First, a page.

Money & Banking

Taking different roads to the same destination

Surabhi Mumbai | Updated on July 22, 2019 Published on July 18, 2019

Widening geographies: Both PSBs and private banks are keen to tap into tier 1, 2 and 3 cities as they try to get more retail customers on board. This file photo shows a bank branch in Ajmer   -  PTI

PSBs and private banks traverse a wide range of sectors, often blurring borders

The diverse gathering at the launch of a book on HDFC Bank on a rainy weekday evening in Mumbai earlier this month presented a snapshot of the country’s present-day banking landscape.

Apart from the bank’s top management including its Managing Director and CEO Aditya Puri, the invitees were a mix of chiefs of private sector banks and public sector banks (PSBs), with State Bank of India Chairman Rajnish Kumar as the chief guest.

In recent years, with the economy showing an eagerness to grow, requiring in turn greater credit, the banking sector is seeing a plethora of new players, and existing players taking on a variety of roles.

Changes down the years

In the 50 years since banks were nationalised, the country’s banking infrastructure has undergone a sea change to meet the requirements of the people and the growing economy.

This started in the early 1990s, when guidelines were issued for licensing new private sector banks. In 2015, the Reserve Bank of India also started giving licences for small finance banks (SFBs) and payments banks, which were aimed at financial inclusion.

According to RBI data, there are nearly two dozen PSBs, 22 private sector banks, 10 small finance banks and seven payments banks, apart from foreign banks and a number of regional rural and cooperative banks.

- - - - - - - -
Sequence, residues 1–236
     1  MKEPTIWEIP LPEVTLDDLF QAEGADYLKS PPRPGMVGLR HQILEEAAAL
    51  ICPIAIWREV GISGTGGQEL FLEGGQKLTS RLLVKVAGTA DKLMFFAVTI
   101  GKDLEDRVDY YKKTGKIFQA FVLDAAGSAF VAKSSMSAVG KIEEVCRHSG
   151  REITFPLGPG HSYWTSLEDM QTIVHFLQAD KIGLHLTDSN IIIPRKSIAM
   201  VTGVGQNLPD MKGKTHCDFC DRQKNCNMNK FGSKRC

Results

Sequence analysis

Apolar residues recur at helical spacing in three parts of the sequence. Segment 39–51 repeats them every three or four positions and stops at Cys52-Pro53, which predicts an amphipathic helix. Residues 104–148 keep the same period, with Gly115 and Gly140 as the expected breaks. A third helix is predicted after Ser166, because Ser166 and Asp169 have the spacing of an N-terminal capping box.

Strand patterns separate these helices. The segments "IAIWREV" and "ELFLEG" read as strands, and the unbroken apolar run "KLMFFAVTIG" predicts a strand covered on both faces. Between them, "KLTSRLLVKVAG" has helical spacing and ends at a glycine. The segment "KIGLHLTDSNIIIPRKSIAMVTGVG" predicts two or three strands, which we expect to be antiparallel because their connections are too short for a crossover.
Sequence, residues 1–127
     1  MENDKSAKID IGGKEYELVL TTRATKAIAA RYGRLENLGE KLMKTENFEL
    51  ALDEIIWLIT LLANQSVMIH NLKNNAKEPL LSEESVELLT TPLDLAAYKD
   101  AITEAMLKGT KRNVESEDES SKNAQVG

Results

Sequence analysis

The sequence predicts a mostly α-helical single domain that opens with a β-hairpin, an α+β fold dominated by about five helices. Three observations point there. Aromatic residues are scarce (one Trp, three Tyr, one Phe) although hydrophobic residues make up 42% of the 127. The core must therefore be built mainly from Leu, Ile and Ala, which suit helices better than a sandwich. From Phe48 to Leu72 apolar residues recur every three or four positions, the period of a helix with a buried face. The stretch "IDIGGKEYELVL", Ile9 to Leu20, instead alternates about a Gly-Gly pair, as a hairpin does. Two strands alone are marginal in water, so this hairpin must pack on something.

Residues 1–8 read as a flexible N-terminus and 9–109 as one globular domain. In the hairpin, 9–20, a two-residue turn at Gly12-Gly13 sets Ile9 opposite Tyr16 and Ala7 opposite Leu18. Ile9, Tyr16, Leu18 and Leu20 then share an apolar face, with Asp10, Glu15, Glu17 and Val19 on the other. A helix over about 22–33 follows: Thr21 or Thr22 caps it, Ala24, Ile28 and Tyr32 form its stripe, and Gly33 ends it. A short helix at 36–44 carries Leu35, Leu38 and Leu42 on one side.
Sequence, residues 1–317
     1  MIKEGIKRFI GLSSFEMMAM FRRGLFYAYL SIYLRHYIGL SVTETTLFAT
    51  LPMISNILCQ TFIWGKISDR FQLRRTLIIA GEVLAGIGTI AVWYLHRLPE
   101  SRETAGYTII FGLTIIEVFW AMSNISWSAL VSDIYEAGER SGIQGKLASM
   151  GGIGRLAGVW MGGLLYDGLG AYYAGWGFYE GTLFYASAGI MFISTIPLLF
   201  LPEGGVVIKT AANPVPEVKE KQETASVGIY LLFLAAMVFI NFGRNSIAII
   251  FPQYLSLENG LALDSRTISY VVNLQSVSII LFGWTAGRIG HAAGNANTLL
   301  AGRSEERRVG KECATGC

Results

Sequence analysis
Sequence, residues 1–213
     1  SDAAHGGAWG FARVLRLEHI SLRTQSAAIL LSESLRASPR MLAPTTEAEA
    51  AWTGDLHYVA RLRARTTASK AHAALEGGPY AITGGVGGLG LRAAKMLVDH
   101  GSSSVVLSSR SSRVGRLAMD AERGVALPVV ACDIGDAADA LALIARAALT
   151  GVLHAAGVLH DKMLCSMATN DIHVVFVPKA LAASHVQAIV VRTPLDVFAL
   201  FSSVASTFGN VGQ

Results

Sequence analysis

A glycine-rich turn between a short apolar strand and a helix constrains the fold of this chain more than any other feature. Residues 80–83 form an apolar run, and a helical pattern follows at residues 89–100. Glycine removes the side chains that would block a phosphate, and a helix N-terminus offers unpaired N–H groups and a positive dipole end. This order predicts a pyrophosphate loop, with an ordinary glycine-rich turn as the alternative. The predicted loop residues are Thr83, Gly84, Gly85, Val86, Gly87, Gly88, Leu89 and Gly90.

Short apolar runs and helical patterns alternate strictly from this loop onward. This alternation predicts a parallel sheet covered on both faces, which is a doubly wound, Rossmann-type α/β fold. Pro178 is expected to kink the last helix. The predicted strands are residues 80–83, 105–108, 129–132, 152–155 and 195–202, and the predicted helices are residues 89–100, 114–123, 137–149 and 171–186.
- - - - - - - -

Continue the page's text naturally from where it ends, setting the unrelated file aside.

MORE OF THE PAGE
“It would have been just impossible for public sector banks to meet the requirements of the population and set up branches across the country. Though public sector banks still have the major responsibility for financial inclusion, each kind of bank has had its own role to play in the economy,” said a former RBI official.

“It’s like comparing a cricket match to a football match. One can’t compare PSBs with private banks as profit is the main objective of private banks while public sector banks have more of a social responsibility,” said CH Venkatachalam, General Secretary, All India Bank Employees Association.

Today, almost every household in India has a bank account.

Banking for all

With the move towards digital payments and formalisation of savings, business correspondents and SFBs have come into prominence, providing last-mile access to customers and banks.

The RBI’s annual report shows that the combined deposits of all scheduled commercial banks in FY18 stood at ₹1.17-lakh crore. Balances under the Pradhan Mantri Jan Dhan Yojana have crossed ₹1-lakh crore, with 21.41 lakh beneficiaries.

Conscious of the huge potential in small businesses and low-cost transactions, many private banks, too, are rolling out initiatives for the MSME sector as they try to acquire more customers in the segment. Lenders such as ICICI Bank and YES Bank have launched many initiatives for such businesses and self-employed persons.

Similarly, private banks are also now keen keen to tap into tier 2, 3 and 4 cities as they try to get more retail customers on board. Mergers like that of Bharat Financial Inclusion Ltd (BFIL) with IndusInd Bank and Capital First with IDFC Bank (to form IDFC First Bank) will create economies of scale and be able to tap into a much wider retail base.

Next wave fo reforms

The next wave of reforms in the banking sector could possibly be triggered by the acquisition of a PSB by a private lender.

While the Centre has embarked on mergers and consolidation amongst PSBs, it has till now adhered to the plan to retain a 51 per cent stake each in the banks.

However, many large private banks are keen to acquire stakes in small PSBs, if offered. “Every private bank will be interested in buying up a PSB given they have the capital resources,” noted an executive with a private bank.

Published on July 18, 2019
This article is closed for comments.
Please Email the Editor